It is possible that Marilyn needed a more dynamic partner who could boost her fragile self-esteem. Perhaps she and Arthur were, finally, incompatible; not intellectually, as has often been assumed, but on an emotional level. People who knew Arthur well have described him as reserved and ill-equipped to express his feelings, and the acutely sensitive Monroe may have interpreted this as rejection. But Meyers will not allow for a more balanced analysis, and barely mentions that Miller was also in treatment for depression at the time.
Less attention is devoted to the quality of Monroe’s acting than her behaviour on the set. However, he does praise Some Like It Hot, her most successful film, and The Misfits, which was written by Miller.
The Misfits (1961) would be Marilyn’s last completed movie and boasted a stellar cast, including Clark Gable (another of her idols) and Montgomery Clift. John Huston, the director, had given Marilyn her breakthrough role in The Asphalt Jungle ten years before. Miller had intended his story of a lonely divorcee, who befriends a group of cowboys in Reno, as a ‘valentine’ to Marilyn. However, Monroe had grave misgivings about the story, and her role. By the time filming began, the Millers’ marriage was all but over. Her performance was nuanced and mature, and The Misfits was an artistic triumph for Miller, though not, at first, a commercial success.
Reflecting on the script, Meyers seems not to fathom why Marilyn felt so uncomfortable at the very specific references to her traumatic past in the dialogue – her mother’s mental illness is alluded to, and risqué pin-up shots from her modelling years are shown in another scene. It’s quite possible that Marilyn felt Miller had betrayed her trust.
Meyers describes Monroe as Miller’s ‘tragic muse’, and certainly her presence can be felt in much of his later work – most notably in After The Fall, first staged in 1963, a year after Marilyn’s death. Many felt that Miller’s portrayal of ‘Maggie’, a pop singer mired in addiction and depression, was a cheap shot at Monroe. On the other hand, Miller’s own guilt at failing to ‘save’ his wife is powerfully evoked in After The Fall’s other main character, ‘Quentin’.
During their marriage, Miller published very little, and Meyers speculates that Marilyn, with all her personal troubles, was ‘devouring’ him creatively. In fact, she had supported Miller financially, as well as emotionally during his long court battle, and it was her own money that helped to fund The Misfits in the planning stages.
Soon after divorcing Marilyn, Arthur married the photographer Inge Morath and seemingly found lasting contentment. During his early years with Marilyn, friends like Norman Rosten spoke of how Arthur had ‘opened up’, as if Marilyn’s warmth and vitality had a positive, and lasting impact on him. For her part, Marilyn later said ‘Arthur Miller taught me about the importance of political freedom in our society’. Unfortunately, this legacy is not reflected in Meyers’ assessment of their marriage, and he also snipes at the fond memories people like Carl Sandburg and Edith Sitwell had of Marilyn.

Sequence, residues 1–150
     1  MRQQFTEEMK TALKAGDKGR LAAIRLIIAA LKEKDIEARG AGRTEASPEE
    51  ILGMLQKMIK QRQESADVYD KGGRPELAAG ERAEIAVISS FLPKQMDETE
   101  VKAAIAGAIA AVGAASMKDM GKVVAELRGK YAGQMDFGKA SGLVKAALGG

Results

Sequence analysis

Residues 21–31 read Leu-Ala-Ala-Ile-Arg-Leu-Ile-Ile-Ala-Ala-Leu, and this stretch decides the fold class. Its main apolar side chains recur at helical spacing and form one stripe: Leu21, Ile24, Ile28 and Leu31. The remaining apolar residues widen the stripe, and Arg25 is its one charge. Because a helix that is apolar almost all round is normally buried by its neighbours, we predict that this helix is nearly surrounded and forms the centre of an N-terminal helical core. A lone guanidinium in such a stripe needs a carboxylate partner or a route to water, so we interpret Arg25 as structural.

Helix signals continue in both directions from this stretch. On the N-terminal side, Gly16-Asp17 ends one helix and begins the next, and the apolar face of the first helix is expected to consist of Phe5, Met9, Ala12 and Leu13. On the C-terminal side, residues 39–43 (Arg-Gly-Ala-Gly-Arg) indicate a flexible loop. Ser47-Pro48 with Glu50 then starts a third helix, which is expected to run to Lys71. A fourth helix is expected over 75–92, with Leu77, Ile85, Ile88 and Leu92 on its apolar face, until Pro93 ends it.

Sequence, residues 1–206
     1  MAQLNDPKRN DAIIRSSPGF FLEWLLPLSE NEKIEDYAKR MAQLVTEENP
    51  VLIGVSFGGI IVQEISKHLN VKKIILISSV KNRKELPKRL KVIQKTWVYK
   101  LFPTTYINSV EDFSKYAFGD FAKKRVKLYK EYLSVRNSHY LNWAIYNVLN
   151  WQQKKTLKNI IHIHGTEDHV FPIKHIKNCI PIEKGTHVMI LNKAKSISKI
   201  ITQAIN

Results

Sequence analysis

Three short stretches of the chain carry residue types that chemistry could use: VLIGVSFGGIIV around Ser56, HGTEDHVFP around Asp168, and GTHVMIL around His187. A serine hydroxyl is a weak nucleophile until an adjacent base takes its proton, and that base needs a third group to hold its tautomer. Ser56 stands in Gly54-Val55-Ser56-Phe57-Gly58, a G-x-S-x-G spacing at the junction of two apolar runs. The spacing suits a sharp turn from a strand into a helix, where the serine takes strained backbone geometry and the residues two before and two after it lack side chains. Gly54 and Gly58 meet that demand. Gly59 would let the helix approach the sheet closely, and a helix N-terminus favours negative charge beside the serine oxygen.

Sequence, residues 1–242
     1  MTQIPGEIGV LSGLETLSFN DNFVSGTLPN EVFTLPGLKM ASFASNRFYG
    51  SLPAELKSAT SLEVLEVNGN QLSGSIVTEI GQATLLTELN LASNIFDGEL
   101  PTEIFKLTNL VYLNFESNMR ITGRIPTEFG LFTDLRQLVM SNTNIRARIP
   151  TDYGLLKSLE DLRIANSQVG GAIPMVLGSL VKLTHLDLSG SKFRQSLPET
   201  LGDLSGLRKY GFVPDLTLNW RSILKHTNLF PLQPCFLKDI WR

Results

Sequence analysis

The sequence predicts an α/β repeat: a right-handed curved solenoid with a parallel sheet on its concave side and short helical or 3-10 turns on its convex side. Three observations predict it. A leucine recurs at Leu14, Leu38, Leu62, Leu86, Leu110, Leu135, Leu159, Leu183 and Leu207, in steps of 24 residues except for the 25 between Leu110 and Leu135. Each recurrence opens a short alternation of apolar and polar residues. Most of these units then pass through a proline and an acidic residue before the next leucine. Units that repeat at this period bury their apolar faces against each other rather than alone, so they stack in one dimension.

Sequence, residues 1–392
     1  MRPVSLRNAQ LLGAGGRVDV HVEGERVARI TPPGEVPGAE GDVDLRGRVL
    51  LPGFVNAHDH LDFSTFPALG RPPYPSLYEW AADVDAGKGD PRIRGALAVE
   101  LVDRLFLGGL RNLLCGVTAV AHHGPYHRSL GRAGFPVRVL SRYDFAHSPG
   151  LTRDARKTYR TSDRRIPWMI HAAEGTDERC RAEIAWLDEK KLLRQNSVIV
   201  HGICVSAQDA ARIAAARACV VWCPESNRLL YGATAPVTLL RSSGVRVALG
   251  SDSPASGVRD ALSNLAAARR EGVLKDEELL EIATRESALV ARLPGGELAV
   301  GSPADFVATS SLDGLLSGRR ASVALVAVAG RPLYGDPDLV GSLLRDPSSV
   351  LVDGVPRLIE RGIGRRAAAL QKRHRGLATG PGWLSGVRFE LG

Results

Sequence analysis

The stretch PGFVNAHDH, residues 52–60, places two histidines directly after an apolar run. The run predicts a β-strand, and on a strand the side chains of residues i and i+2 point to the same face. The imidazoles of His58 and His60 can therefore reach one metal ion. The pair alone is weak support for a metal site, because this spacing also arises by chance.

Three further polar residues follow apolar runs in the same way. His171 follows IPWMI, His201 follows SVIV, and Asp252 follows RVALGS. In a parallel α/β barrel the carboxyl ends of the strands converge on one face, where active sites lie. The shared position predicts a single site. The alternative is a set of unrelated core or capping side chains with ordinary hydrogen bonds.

‘This book is based on a substantial amount of new information’, Meyers claims on his acknowledgments page. There is an appendix and bibliography, and a rather superfluous list of Monroe’s medical procedures (though, predictably, not Miller’s). Curiously, he even names the people who declined to be interviewed. Meyers’ text is padded out with long quotations, and some interesting commentary, but there is little here that hasn’t been covered in previous publications.
Some of his more lurid allegations about Monroe come from controversial sources, such as Lena Pepitone, Monroe’s maid whose ghost-written memoir first appeared in 1979, plus Ted Jordan and Jeanne Carmen, whose alleged association with Marilyn is still contested by some fans.
Arthur Miller, like Marilyn, is sometimes treated as more of a monument than a human being. Lionised by the Left and demonised by the Right, Miller’s own privacy was invaded posthumously, when in 2007, a Vanity Fair article revealed that, in 1962, he fathered a disabled son whom he never acknowledged. But though in reality Arthur Miller may sometimes have fallen short of his own moral standards, nonetheless he still deserves the highest praise for his unique dramatic vision and political courage.
The Genius and the Goddess is a solid compendium of existing material on the Monroe-Miller marriage, but unfortunately it does not deliver the truly ground-breaking insights that Meyers promised. Due to his blatant subjectivity towards Miller and against Marilyn, it also leaves a bitter aftertaste.
For Arthur Miller’s own account of the marriage, I recommend his autobiography, Timebends, and for a more objective view, Martin Gottfried’s 2005 biography, Arthur Miller: A Life is worth reading. In her 2006 ‘biography of biographies’, The Many Lives of Marilyn Monroe, Sarah Churchwell analyses the conflicting perspectives on Monroe’s life, and offers a feminist reappraisal of her persona.